Here is a more important question that even today goes unanswered.  If a teacher makes a statement on any subject you want to consider like music, English, math, science, art, or whatever, and then expect that EVERY student will accept what is taught in the same way, that teacher is doing a disservice to his or her students.  Let me explain.  I remember teachers making a statement and then my mind would literally take off.  I would mentally expand on what the teacher had just said; my mind was like a rainbow of ideas all related to what the teacher had put forth.  Then I would realize that 5 to 10 minutes had passed and I had not heard a word she had said after making that initial comment.  Do you think that may have affected my grades?  You know it did.

I later discovered that there is a Left Brain/Right Brain concept and it was explained to me that I grew up a Right Brain person in a Left Brain world.  That may sound abstract but it made perfect sense to me once explained.  People either have technical type minds (Left Brain) or they have creative type minds (Right Brain).  School systems back in the 1950s and 1960s and probably sill are designed as Left Brain Models meaning that it was the desire of the education system at the time that all of the students that graduated would be identical to each other based upon what was taught – same input – same output.  That was the objective and it worked great for Left Brain students; not so much for Right Brain students like me.  It turned out that I am living proof that a one-size-fits-all educational system is NOT the ideal system for everyone.  Just like not every student in my typing class started out equally, not every student in a math class started out equally yet the standard for teaching, at least back then, was that everyone was taught the same way.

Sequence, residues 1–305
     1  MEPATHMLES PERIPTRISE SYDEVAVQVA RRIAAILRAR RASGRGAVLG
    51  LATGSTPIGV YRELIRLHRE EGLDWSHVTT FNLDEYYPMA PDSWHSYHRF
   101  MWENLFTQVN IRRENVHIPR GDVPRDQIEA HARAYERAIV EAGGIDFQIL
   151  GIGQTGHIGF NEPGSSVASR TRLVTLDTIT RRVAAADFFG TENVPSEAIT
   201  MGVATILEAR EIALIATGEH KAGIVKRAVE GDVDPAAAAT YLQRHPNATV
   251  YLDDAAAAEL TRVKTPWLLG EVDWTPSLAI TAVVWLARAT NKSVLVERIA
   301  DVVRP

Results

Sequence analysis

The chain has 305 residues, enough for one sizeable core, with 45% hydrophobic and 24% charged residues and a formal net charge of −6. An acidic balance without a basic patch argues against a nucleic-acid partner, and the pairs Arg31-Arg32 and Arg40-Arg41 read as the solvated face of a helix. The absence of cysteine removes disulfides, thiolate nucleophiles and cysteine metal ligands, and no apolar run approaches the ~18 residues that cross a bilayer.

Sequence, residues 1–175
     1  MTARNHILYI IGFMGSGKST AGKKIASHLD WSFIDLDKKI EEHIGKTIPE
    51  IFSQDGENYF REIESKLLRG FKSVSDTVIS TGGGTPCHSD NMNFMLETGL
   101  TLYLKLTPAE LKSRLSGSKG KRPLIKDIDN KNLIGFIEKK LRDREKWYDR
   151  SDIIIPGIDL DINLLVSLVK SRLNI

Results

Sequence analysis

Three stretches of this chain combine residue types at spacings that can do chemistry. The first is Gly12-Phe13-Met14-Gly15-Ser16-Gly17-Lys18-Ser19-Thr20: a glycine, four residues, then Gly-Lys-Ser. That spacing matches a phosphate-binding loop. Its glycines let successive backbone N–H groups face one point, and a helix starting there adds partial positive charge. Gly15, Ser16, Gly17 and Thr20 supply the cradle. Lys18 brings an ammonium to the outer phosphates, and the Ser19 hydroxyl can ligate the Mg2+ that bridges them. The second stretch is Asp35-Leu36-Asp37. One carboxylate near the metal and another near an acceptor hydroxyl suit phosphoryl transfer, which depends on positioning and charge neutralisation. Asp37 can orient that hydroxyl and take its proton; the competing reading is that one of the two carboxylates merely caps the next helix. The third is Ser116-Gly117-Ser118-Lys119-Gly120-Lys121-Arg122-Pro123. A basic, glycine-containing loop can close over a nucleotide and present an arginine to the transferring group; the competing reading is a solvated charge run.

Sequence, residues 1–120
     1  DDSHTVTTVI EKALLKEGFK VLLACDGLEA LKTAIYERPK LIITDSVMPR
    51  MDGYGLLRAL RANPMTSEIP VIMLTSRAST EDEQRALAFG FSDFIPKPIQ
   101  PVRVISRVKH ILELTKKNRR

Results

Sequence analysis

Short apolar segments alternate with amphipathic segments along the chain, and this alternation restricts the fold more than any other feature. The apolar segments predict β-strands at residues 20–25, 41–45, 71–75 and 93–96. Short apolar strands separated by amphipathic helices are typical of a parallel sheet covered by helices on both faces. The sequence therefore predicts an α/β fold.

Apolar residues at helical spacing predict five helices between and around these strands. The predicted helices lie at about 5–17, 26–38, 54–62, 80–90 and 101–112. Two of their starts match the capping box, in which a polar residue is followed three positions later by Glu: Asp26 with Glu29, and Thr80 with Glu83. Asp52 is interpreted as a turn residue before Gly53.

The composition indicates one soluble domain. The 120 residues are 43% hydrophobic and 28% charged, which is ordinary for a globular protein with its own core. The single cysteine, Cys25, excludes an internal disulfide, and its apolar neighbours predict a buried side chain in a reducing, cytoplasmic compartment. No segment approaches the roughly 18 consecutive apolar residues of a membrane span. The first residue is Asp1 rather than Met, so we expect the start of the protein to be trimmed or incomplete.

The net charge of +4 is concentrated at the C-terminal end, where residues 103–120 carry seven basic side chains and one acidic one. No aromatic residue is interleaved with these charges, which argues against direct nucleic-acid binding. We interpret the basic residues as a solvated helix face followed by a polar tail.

In reality, I had a very difficult time staying focused on what was being taught in all of the courses I had taken.  This was for two reasons.  First it WAS the Left Brain/Right Brain thing but more importantly to me, it was that I had absolutely NO INTEREST in most of what was being taught.  I can say with certainty that of all the courses I took, the typing course benefited me the most.  I still use it today followed closely by what was then taught in English Class (as compared to what might be called a Writing Class today).  I can no longer dissect a sentence and graph it out as we were all taught.  Still I can recognize a good sentence as compared to a poorly written sentence.  If you want an example of the latter, just read almost any page of Sean Penn’s latest book (it is so bad I won’t even provide the title).

I attended two years of college where I supposedly majored in Marketing and Advertising.  In my two years I NEVER took ONE class on either of those two subjects.  The result is obvious to me now but not so much then.  I did not fit well into the 4 year college educational system where you HAD TO TAKE a lot of useless courses that you/I had absolutely no interest in.  Case in point – explain to me what taking a course in Geology had to do with Marketing and Advertising.  Answer – NOTHING!  I don’t remember all the courses I was required to take in College except for the Air Force ROTC classes.  The ROTC classes reinforced my belief that my future lie in a military career and that is what I ultimately did – a twenty year career in the U. S. Coast Guard and I LOVED IT!